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Invited Critique
July 2000

Laparoscopy-Assisted Billroth I Gastrectomy Compared With Conventional Open Gastrectomy—Invited Critique

Arch Surg. 2000;135(7):810. doi:10.1001/archsurg.135.7.810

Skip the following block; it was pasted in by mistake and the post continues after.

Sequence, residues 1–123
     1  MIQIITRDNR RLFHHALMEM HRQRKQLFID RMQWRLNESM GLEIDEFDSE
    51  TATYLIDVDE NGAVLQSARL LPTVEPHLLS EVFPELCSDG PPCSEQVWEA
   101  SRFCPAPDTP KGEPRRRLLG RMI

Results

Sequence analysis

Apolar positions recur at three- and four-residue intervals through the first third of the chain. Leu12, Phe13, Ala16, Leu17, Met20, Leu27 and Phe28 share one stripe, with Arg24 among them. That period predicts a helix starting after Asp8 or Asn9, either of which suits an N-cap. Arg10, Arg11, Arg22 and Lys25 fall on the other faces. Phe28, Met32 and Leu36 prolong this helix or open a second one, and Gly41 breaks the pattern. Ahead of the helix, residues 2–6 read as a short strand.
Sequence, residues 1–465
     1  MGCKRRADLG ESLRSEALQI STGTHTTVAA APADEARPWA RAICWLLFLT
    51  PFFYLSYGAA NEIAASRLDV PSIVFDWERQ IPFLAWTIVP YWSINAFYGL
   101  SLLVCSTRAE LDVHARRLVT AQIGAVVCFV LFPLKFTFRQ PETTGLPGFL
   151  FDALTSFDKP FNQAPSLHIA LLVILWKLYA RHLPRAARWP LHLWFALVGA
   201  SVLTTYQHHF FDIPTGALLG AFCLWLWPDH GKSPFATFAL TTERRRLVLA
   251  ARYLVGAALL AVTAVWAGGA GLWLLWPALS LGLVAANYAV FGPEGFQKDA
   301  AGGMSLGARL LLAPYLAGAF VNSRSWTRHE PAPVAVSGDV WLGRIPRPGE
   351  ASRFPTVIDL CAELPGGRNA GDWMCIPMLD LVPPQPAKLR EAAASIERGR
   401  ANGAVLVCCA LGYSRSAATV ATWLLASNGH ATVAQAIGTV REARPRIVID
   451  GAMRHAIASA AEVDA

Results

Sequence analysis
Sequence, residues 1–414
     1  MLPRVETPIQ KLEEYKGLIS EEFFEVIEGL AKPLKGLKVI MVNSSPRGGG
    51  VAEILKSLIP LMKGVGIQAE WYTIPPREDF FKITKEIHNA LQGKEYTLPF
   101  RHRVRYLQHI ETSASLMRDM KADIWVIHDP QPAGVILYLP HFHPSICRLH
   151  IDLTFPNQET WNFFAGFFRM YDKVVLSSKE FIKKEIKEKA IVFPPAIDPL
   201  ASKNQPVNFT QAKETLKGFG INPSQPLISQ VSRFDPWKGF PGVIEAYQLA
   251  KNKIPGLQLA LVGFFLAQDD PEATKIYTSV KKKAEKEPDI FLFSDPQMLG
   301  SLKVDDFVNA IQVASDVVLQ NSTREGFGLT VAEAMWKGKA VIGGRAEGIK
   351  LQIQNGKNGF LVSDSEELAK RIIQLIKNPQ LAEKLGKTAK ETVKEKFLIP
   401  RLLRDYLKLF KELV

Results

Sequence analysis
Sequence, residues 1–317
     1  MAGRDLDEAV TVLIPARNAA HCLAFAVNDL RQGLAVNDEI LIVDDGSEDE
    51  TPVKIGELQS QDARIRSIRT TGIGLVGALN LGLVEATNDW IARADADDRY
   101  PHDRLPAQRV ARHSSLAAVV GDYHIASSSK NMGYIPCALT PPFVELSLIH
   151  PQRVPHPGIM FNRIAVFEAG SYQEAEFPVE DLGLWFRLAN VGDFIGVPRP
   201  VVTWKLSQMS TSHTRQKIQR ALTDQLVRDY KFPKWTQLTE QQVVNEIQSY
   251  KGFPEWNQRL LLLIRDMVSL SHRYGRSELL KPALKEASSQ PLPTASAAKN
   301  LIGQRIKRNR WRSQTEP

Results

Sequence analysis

Adachi and his colleagues are to be commended for their results in a large series of patients with early-stage gastric cancer who underwent laparoscopy-assisted Billroth I gastrectomy (LAG) or conventional open gastrectomy (COG). They demonstrated several advantages of LAG over COG, including less surgical trauma, less impaired nutrition, less pain, rapid return of gastrointestinal function, shorter hospital stay, no decrease in operative curability. This approach has been adopted by more than a few Japanese surgeons since the first case of LAG for early gastric cancer performed by the same authors in 1994. Briefly, LAG consists of 2 procedures: (1) laparoscopic approach under the pneumoperitoneum and (2) resection of the stomach followed by hand-sawn anastomosis through a minilaparotomy incision.

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